One week later, I was 20 or more pounds heavy. How did this happen? I dieted 4 more months with no sodium, no condiments, only chicken and veggies, no options, no cheats and 2 hours of cardio. When I walked off stage at the Nationals I had dieted for a combination of 9 months in total. This is what set me up for my uncontrollable binges. All my body wanted was food. I didn’t train, I quit cardio, I was ashamed. My body hurt everywhere. All I wanted to do was eat. My food belly was HUGE all the time. I felt sick but I ate anyways. After that week, I thought I better get my ass back in the gym. It didn’t take long for an injury to occur, what did I expect when I was 20lbs heavier. It only took one week of craziness for all my hard work to be covered in water and fluff. YES, bodyfat had already accumulated in areas I never thought would. This was a rude awakening for me. My trainers didn’t provide me with all the information I needed to truly understand the diet and training required. They never spoke of post show rebounds or blues. They never talked of the possibility of body image disorders, eating disorders. They didn’t ask me the question as to why I wanted to compete in the first place. Lucky for me, even though I went through all that rebound, I knew I wanted to compete again. I knew this was the lifestyle for me. It was a sport for me. I needed to be better. I just needed better and more informed trainers. I wanted to live my life in and around the gym. Competing for me has never been about trying to get a pro card. Competing for me was and always has been about being better, building a physique that is balanced and conditioned. It is about living the sport, not just competing in it. Even after Nationals and the rebounds I went thru, I still wanted to compete. In fact I was preparing for the Nationals in 2000 in Calgary however, I felt my body was not responding and decided not to step on stage. Shortly after that, I decided that 2001 would be the year but life threw me a curveball and I found out I was pregnant. Talk about a life altering event.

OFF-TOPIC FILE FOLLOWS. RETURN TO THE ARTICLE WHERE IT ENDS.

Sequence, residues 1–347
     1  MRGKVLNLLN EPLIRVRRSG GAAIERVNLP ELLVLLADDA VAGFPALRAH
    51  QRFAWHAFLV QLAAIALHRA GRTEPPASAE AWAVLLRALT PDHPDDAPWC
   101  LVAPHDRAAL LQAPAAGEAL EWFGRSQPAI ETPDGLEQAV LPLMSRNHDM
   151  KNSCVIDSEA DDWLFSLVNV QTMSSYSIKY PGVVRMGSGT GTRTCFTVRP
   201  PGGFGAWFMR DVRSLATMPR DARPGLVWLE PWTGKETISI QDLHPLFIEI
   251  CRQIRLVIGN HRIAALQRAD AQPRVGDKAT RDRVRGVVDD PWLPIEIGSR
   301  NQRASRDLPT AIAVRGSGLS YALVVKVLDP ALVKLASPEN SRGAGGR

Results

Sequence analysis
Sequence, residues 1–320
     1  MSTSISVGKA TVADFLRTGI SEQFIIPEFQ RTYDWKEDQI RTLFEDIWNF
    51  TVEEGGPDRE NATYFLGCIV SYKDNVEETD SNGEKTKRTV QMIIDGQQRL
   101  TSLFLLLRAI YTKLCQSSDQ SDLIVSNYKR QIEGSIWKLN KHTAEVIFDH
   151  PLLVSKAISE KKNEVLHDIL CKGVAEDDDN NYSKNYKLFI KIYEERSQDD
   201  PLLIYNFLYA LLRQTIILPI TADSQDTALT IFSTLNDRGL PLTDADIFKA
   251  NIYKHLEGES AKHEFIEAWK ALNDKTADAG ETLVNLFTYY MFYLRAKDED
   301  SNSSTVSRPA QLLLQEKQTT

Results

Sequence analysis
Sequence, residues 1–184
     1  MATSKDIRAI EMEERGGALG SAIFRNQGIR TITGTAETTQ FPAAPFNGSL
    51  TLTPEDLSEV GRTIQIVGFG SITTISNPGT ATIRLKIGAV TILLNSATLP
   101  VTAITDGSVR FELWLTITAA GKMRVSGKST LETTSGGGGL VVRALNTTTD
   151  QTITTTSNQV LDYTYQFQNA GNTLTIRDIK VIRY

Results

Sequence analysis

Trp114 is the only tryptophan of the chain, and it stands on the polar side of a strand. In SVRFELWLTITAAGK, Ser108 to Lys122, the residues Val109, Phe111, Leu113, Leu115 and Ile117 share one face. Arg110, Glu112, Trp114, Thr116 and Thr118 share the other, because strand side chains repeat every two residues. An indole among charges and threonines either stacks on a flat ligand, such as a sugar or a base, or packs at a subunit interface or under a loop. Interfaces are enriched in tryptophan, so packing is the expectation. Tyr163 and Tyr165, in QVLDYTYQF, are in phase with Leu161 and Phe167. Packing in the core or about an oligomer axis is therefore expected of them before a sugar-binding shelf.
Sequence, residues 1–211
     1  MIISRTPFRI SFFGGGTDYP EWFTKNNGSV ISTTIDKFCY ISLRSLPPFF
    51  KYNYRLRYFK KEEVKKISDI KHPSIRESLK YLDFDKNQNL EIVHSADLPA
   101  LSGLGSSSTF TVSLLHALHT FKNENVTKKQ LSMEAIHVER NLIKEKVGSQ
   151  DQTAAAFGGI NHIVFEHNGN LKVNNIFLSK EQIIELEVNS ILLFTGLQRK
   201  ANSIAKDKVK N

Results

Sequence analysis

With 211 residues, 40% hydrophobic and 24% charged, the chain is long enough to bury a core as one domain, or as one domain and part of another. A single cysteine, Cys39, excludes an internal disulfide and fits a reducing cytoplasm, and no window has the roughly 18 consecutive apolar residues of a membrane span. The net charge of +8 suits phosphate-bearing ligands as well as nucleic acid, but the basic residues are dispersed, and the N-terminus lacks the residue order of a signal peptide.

Having my kids and taking time away from competing never changed my love for the sport. I had my first daughter in 2001 my second in 2006. After my second daughter I had always said I would love to compete again. I slowly got back into personal training full-time and began to live that lifestyle I started with way back in 1994. The drive had always been there. The discipline is something I can’t explain but I have always known that I would compete again.